COUNCIL LEADER: We’re making the right financial choices for Boston


Boston Borough Council leader Coun Peter Bedford pens his latest column on council tax and finances...

I was interested to read your columnist’s observations on council tax and finances.

He suggested that some councils might receive more cash for their coffers by putting their council tax up by one or two per cent than they would get by receiving the freeze grant from Government for not increasing householders’ bills.

He is wrong. For Boston the facts are these – by not putting up council tax we receive the Government freeze grant, equal to a one per cent council tax rise. In our case one per cent brings in just over £29,000.

If we put up our council tax, as Observer suggests, by one per cent we’d gain… ABSOLUTELY NOTHING EXTRA. My view is that I’d sooner raid the pockets of Government for £29,000 than the pockets of hard-pressed Boston borough residents.

Of course a two per cent rise would bring in two times £29,000, but because we would not then get the Government freeze grant we’d still only be better off to the tune of £29,000.

The maths are simple, as is the logic - £29,000 from residents, or £29,000 from Government.

There are other reasons why we do not want to increase council tax this year. This will be the fourth year running that we have not increased it; four years during one of the worst recessions in our history. The council is aware of how tough, financially, times have been for people living in the borough. Remember councillors and council staff live here too, so they have the same experiences as everyone else. In this instance we really are all in it together.

The money the council needs to run the services residents need and use comes from an annual Government grant, from council tax and from some service charges. Because of the state of the nation’s finances the Government grant has been severely reduced. Such a reduction in income would have taxed the most robust of businesses, but the council has so far weathered that storm and done that without laying off staff and reducing frontline services.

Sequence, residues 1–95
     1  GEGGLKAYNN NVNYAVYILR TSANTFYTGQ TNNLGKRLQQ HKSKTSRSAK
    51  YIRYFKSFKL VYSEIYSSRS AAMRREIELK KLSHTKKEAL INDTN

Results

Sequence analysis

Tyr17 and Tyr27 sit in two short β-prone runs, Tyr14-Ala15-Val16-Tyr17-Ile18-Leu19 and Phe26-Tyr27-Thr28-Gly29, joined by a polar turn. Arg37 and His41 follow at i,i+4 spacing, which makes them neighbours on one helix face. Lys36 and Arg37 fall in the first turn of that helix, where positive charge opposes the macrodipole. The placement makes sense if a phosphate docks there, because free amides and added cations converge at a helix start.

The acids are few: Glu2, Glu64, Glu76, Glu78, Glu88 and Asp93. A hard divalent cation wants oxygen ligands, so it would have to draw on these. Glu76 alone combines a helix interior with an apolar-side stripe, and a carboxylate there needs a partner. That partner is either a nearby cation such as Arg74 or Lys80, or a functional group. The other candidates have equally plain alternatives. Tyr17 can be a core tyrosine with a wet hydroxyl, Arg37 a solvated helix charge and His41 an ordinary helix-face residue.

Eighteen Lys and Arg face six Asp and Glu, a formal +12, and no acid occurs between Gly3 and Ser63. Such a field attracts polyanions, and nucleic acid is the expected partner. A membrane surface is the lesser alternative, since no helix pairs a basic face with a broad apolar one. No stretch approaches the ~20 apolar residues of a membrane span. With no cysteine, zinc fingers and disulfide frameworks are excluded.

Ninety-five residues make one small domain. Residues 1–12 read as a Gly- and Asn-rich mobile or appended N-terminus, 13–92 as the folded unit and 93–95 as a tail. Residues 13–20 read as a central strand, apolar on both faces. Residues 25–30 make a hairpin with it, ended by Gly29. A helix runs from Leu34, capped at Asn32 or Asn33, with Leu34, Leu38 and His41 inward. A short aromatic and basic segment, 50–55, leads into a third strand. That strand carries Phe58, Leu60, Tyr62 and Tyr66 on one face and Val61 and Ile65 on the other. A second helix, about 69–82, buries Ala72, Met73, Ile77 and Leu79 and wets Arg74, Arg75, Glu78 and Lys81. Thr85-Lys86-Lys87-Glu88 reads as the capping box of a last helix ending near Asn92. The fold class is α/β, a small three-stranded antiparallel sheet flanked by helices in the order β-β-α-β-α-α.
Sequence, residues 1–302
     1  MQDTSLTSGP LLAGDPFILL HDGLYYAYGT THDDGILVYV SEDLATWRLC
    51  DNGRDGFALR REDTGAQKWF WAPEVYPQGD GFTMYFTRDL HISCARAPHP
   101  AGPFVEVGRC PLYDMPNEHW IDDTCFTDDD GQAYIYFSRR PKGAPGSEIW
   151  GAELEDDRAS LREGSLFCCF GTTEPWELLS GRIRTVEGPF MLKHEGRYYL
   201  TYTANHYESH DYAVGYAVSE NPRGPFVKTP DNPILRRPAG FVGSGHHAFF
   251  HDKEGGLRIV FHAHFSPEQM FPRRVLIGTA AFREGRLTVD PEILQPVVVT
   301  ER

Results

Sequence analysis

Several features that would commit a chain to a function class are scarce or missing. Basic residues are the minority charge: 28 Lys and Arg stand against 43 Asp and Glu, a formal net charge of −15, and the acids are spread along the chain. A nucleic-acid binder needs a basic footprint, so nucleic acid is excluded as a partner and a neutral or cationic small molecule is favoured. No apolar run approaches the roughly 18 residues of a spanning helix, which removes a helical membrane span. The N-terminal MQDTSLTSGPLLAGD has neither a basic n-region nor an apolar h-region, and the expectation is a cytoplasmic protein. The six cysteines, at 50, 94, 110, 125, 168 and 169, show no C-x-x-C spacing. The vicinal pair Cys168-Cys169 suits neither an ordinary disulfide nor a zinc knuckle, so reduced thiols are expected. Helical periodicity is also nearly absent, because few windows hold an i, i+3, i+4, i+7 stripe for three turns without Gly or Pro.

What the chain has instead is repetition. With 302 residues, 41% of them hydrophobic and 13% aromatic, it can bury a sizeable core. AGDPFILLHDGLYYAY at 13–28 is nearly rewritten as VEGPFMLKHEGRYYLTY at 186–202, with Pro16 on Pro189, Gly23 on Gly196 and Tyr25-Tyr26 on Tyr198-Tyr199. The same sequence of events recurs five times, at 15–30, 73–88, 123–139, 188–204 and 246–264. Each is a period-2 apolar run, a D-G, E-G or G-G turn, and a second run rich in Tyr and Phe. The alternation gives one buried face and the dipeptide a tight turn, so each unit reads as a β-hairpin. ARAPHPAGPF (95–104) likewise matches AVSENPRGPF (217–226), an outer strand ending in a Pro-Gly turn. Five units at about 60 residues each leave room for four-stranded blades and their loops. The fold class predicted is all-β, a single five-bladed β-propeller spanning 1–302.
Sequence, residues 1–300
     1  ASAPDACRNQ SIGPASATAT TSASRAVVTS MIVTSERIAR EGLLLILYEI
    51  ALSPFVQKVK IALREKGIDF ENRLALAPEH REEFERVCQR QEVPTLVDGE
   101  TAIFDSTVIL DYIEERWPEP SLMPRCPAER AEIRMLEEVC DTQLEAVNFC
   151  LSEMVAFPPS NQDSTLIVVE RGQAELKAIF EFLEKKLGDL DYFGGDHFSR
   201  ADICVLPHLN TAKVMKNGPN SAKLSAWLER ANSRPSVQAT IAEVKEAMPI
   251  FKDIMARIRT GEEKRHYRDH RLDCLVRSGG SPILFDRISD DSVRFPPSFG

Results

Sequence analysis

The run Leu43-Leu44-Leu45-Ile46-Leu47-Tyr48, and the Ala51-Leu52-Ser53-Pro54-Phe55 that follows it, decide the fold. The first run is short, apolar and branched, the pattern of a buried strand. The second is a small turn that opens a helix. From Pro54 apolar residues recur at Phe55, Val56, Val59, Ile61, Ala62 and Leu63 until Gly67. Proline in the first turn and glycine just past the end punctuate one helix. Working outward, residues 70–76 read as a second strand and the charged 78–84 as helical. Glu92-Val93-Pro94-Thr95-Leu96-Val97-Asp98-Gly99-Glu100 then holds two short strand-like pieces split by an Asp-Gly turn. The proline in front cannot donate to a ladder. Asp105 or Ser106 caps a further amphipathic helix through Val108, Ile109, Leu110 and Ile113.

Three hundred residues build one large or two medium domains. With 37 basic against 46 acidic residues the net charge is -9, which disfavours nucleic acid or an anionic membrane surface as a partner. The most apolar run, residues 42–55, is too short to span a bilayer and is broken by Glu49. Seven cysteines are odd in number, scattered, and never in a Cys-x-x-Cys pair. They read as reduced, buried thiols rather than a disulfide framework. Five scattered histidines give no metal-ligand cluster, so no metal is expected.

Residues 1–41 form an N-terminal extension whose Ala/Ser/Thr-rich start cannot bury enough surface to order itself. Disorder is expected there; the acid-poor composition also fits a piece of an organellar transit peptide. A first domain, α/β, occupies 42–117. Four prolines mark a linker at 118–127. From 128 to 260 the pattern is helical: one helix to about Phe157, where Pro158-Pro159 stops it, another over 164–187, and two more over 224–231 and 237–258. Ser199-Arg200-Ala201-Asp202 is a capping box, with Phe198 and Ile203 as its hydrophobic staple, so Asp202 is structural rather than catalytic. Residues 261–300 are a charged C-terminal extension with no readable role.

The easy option for the council would have been to just hike up council tax. We chose not to take the easy option and instead, with the support of loyal and hard-working staff, we have operated smarter and better, doing more with less. Like everyone, the council had to cut its cloth accordingly.

Boston Borough Council is a well-run council. Independent auditors are satisfied that it offers value for money and has proper arrangements for securing financial resilience and is challenging how it secures economy, efficiency and effectiveness. The auditors recognised the robustness of the council and its solid footings facing a forward challenging and changing economy.

Since austerity measures really began to bite in 2009/10 our transformation programme has saved, to date, £2,432,732. Ideas to save money and improve and transform services for the future came in from staff and good practice elsewhere and continue to come in, resulting in a rolling programme. We aim to save another £1,790,000 over the next five years. When you consider the council operates on a total budget of just over £9 million it is an amazing achievement and one any business would be proud of.

Despite further reductions this coming financial year in Government support we will refurbish public toilets, replace street-cleansing machinery and support the Broadband UK initiative.

We will still pursue Government for more money, and a fairer share of what’s available, and I and the chief executive will be meeting next month with our MP Mark Simmonds, and Brandon Lewis MP, Parliamentary Under Secretary of State at the Department for Communities and Local Government, at the House of Commons to press for more money for Boston in recognition of the actual size of its expanding population.